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Published: Monday June 23, 2014 MYT 1:12:10 AM
Updated: Monday June 23, 2014 MYT 1:12:20 AM

Kosovo Albanians torch cars, police fire rubber bullets in divided town

MITROVICA Kosovo (Reuters) - Police in Kosovo fired tear gas and rubber bullets on Sunday at ethnic Albanian rioters burning police cars and lobbing rocks in the ethnically-divided town of Mitrovica, in protest over the blockage of the main bridge by ethnic Serbs.

A Reuters reporter saw Polish special police units, part of a European Union mission, open fire with rubber bullets, during one of the worst bouts of civil unrest since Kosovo declared independence from Serbia in 2008.

A police spokesman said six police officers and 10 civilians had been wounded. "The situation is changing rapidly," he said.

The violence broke out when several hundred Albanians, protesting over the Serbs' closure of the bridge for the past three years, began lobbing rocks and bottles at Kosovo police officers.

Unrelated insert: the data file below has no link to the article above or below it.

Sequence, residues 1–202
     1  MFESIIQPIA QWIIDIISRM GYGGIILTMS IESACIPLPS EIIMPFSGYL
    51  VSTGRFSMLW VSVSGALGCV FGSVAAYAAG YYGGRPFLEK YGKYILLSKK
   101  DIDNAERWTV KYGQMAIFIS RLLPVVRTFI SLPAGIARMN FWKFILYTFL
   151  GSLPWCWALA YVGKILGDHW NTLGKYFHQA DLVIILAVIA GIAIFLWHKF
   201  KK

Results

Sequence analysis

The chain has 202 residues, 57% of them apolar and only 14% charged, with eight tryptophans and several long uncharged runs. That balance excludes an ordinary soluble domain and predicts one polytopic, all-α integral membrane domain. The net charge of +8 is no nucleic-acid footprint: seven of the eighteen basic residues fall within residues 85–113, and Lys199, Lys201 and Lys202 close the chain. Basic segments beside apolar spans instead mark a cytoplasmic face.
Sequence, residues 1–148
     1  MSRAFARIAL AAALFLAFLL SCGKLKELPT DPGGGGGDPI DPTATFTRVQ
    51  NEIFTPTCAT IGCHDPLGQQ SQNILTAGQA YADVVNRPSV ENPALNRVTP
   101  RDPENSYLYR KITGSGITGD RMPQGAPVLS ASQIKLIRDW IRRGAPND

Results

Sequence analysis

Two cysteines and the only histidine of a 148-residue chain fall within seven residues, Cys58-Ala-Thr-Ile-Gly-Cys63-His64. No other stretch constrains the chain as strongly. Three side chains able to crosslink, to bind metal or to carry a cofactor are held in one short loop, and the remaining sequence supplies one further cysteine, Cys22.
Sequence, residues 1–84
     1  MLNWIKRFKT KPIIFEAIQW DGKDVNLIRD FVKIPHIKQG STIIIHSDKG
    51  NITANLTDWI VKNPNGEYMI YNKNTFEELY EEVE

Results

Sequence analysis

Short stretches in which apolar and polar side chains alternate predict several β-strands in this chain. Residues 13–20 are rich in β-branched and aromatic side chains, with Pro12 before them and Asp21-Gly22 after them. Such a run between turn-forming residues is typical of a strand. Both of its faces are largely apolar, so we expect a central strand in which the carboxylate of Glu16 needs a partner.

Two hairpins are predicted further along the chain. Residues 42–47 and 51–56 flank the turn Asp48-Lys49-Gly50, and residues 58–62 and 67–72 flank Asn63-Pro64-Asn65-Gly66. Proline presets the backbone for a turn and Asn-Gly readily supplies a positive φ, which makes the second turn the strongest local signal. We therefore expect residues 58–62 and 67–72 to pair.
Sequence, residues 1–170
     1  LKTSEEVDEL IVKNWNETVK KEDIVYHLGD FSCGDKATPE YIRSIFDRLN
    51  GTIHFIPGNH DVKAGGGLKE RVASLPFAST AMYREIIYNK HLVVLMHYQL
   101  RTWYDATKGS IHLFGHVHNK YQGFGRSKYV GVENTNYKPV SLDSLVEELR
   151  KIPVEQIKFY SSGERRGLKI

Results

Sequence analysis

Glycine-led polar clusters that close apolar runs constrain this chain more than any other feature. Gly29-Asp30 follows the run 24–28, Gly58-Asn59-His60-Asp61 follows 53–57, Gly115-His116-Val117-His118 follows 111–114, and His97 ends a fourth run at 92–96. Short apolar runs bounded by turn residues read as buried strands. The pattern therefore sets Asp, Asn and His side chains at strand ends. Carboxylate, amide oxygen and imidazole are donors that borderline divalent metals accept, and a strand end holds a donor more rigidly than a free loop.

They set fire to cars belonging to Kosovo police and the EU law and order mission. Kosovo police responded with tear gas.

U.S. soldiers, part of a NATO peace force of some 5,000, guarded the bridge in four rows of Humvees.

Mitrovica has been a frequent flashpoint between Serbs and Albanians since Kosovo's 1998-99 war, when NATO intervened with 11 weeks of air strikes to halt the massacre and expulsion of Albanians by Serbian forces waging a counter-insurgency war.

Serbia does not recognise Kosovo as independent, but agreed to give up de facto control over a small Serb pocket of northern Kosovo last year under a deal brokered by the EU. In exchange, Belgrade won the green light to open talks on joining the EU.

But Serbs in the north are reluctant to integrate with Kosovo's ethnic Albanian majority.

They blocked the bridge in 2011 following an abortive bid by the Kosovo government to rein in the north. The Serbs dismantled the roadblock on Wednesday, only to replace it with a "Park of Peace" consisting of concrete plant pots and earth.

(Writing by Matt Robinson; Editing by Mark Trevelyan and Sophie Hares)

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